Meanwhile, dizziness, nausea, and itchiness are all common side effects of narcotic pain medications (although the extent to which they occur varies from person to person). The itchiness is due to histamine release triggered by the narcotic drugs and can be treated with antihistamines like Benadryl.

You might be interested to know that research suggests that if you stay on a constant dose of the narcotic drug, the human body generally becomes tolerant to the nausea/vomiting side effect in about 1 week. However, if the medications do not work well for you in relieving pain or making it tolerable without other frustrating side effects, that might not be very useful. I would definitely agree with trying to get a referral to a pain management specialist who could try different non-narcotic medications with you.
posted by treehorn+bunny at 8:34 PM on August 16, 2013 [1 favorite]

And to answer your question, when I have taken prescribed oxycodone (Percocet) for short term issues, I have none of the side effects you experience.

It relieves my moderate to severe pain somewhat, but not completely, but it does not make me feel drowsy or woozy in any way, and I have never felt good or "high" after taking it, even at the maximum recommended dose.
posted by treehorn+bunny at 8:37 PM on August 16, 2013

Redhead, same experience (we're cursed in some ways). I tell docs no opioids... There's just no point. The side effects are worse than the pain. These are a surprising number of ways to get red hair - 9 at the last count. I only have one, and the hair on my head has browned almost completely. A better test than 'red head' is 'naturally red hair, anyplace, ever'.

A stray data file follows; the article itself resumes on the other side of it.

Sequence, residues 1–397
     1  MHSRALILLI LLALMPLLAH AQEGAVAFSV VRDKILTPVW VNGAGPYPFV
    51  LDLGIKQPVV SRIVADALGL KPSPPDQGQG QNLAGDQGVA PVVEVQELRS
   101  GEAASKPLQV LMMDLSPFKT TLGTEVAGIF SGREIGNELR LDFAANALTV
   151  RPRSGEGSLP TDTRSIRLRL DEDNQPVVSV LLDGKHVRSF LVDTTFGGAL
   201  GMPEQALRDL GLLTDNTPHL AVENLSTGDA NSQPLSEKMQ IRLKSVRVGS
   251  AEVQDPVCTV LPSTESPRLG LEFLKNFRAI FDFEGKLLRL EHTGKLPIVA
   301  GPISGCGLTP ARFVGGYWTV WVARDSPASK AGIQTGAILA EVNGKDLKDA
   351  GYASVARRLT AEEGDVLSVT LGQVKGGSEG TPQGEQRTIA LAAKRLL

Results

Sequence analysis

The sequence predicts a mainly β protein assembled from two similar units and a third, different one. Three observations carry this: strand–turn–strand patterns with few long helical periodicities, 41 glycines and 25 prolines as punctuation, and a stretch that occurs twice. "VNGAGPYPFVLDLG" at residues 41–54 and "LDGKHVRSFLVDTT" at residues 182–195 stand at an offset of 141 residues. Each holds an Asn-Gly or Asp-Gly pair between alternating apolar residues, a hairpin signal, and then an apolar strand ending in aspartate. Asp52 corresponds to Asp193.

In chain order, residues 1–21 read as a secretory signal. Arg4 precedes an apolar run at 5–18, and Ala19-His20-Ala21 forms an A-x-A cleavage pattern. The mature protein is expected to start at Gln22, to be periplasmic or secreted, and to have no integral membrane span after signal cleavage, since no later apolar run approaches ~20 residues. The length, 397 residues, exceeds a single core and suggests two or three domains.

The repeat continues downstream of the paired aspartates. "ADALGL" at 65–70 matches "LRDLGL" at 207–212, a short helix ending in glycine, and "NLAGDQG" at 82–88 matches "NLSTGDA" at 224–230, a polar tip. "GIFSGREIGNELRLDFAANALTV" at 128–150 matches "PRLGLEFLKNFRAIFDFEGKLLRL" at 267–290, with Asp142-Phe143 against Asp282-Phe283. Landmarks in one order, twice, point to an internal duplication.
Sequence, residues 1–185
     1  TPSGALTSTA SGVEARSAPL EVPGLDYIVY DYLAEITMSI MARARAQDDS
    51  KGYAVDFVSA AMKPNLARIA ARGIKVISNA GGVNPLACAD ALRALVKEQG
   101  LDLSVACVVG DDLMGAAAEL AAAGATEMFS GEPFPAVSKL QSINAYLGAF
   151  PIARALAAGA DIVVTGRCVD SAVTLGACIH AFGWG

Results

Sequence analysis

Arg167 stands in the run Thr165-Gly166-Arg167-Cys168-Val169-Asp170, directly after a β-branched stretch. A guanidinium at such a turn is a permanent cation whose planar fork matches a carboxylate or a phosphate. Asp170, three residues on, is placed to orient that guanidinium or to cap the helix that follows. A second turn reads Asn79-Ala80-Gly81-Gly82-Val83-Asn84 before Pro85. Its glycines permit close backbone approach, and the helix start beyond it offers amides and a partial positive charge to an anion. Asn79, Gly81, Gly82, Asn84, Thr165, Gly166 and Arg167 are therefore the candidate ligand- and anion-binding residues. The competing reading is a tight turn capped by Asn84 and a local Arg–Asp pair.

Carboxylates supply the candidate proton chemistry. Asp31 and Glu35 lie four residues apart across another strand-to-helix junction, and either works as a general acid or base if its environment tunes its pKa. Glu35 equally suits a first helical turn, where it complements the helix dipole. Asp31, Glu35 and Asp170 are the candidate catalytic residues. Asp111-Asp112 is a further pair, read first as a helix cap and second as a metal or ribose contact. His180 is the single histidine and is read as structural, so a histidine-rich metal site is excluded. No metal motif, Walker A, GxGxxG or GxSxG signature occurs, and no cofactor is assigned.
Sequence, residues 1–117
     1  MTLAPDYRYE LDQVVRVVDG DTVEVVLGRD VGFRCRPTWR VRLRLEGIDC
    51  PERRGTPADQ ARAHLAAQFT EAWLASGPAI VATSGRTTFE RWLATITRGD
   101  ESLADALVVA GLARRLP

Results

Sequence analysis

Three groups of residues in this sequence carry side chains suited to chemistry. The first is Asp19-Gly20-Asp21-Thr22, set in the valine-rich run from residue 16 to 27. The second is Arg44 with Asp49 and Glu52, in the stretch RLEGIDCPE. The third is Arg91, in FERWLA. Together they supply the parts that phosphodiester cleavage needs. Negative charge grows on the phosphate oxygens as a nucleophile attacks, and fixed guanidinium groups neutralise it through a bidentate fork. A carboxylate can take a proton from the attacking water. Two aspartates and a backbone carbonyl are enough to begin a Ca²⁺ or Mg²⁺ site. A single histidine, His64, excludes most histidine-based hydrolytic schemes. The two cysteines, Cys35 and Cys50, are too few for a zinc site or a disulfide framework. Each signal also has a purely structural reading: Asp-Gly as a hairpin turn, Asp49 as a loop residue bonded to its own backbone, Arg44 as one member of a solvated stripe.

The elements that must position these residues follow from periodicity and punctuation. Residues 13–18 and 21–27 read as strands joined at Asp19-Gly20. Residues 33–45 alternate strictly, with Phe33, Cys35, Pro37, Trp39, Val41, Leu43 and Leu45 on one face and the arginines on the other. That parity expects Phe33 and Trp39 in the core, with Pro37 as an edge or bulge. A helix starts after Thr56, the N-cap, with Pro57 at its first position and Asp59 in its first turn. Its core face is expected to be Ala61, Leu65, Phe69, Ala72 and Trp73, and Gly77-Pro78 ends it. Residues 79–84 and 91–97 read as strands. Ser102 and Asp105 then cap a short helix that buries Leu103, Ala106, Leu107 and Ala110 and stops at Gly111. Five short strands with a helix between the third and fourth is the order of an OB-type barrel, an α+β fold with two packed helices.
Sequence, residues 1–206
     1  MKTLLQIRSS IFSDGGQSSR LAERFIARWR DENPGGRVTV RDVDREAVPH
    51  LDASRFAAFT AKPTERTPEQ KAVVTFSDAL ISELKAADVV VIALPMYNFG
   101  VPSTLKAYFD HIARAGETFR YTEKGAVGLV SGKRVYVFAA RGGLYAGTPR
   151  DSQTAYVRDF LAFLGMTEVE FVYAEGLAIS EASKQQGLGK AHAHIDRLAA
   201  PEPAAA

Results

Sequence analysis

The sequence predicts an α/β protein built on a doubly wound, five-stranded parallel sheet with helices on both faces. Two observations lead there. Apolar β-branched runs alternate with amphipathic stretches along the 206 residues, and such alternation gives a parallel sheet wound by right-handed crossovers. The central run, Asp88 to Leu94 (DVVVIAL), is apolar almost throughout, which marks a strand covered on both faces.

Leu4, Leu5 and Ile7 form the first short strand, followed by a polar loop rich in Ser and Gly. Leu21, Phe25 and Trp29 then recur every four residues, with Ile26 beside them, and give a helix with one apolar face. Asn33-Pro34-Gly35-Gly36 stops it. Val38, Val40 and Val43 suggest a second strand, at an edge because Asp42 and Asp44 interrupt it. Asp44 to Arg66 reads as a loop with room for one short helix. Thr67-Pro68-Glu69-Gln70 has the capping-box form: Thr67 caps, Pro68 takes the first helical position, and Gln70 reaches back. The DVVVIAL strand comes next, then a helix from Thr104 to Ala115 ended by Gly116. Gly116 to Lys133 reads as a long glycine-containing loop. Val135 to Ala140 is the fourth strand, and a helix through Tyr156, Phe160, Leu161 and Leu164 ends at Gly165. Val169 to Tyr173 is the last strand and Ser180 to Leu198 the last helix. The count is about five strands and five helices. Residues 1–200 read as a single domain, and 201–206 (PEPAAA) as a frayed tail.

I hear ketamine isn't an opioid and hospitals use it for folks like us. That's my gameplan if I ever really need it. Visualization techniques get me through everything else (used to get chronic migraines, small doses of amitriptyline helped resolve them). Mine is to get a glass or clear bottle full of water and to 'project' the pain into the water. One of these days that water is going to boil darn it. Because I'm old friends with pain I just greet it like a friend and let it radiate through my body. Then try to focus the radiance into the water. It's absolutely freaky how well it works.
posted by jwells at 9:37 PM on August 16, 2013

Vicodin makes me feel like warm, liquid gold is flowing through my veins and absolutely made my pain from a scraped cornea (which felt approximately like I'd been stabbed in the eye & had acid dumped into it) go away. So it works for me.